• "What do you think?" (Kharkov childhood and adolescence)"More than a fourth of all the physics in the country"; Turbulent years; FIAN; A theoretical physicist; The May vacation dissertation; "The kind of guy he was ... "; Love; Unemployment; In "Refusal"; "The Promised Land ... But is it mine?"; Afterword; In Memory of Yuri Abramovich Golfand; Index
Control code
922922282
Dimensions
unknown
Extent
1 online resource
File format
unknown
Form of item
online
Isbn
9789814619301
Level of compression
unknown
Media category
computer
Media MARC source
rdamedia
Media type code
  • c
Quality assurance targets
not applicable
Reformatting quality
unknown
Sound
unknown sound
Specific material designation
remote
System control number
(OCoLC)922922282
Label
Physics in a mad world : Houtermans, Golfand, M. Shifman ; translated from Russian by James Manteith
Publication
Antecedent source
unknown
Carrier category
online resource
Carrier category code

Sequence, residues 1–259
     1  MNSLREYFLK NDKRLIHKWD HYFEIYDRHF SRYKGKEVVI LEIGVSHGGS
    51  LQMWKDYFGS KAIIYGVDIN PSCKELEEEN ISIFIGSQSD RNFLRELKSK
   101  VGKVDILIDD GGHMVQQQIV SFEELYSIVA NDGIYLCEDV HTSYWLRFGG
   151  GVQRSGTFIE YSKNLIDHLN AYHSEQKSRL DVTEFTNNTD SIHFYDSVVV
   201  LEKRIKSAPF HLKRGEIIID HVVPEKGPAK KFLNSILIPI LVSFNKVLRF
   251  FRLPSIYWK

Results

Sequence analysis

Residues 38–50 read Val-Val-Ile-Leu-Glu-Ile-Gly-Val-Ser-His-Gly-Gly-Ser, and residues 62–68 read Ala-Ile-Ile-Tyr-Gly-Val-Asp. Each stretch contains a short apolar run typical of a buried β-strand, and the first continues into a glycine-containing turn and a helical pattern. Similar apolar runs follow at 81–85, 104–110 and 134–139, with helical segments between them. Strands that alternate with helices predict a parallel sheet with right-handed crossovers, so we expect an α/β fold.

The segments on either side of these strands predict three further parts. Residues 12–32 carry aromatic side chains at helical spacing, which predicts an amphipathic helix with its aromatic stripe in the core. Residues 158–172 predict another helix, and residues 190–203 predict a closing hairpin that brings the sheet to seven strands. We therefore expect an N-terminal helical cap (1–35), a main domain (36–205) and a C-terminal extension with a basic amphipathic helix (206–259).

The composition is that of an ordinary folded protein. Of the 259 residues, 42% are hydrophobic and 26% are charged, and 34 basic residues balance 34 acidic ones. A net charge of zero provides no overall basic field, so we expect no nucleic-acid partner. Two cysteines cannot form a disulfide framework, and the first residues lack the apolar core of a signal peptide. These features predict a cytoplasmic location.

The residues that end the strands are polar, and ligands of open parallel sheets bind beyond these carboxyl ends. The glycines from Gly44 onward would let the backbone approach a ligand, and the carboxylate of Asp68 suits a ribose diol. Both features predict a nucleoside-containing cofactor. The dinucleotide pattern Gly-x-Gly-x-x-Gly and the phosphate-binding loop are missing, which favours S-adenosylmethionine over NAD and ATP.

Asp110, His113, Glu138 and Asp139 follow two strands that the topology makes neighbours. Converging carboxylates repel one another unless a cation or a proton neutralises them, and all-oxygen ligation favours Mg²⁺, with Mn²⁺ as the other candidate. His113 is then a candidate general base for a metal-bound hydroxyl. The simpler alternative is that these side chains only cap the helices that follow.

• cr
Carrier MARC source
rdacarrier
Color
multicolored
Content category
text
Content type code
  • txt
Content type MARC source
rdacontent
Contents
  • Preface; Introduction: Information and Musings; 1. Victor Frenkel; 2. Background; 3. The Accused; 4. Alexander Leipunsky; 5. Alexander Weissberg; 6. Holodomor; 7. The beginning of the Great Purge; 8. Other foreigners at UPTI; 9. The Ruhemanns; 10. Tisza; 11. Lange; 12. Weisselberg; 13. A detective story; 14. Stalin's order; 15. Yuri Raniuk; 16. Giovanna Fjelstad; 17. Giovanna's story; 18. First time in the USSR; 19. Fisl's humor; 20. Houtermans and Pomeranchuk; 21. Choices to make; 22. Closing gaps; 23. Houtermans and the Communist Party of Germany; 24. Houtermans and von Ardenne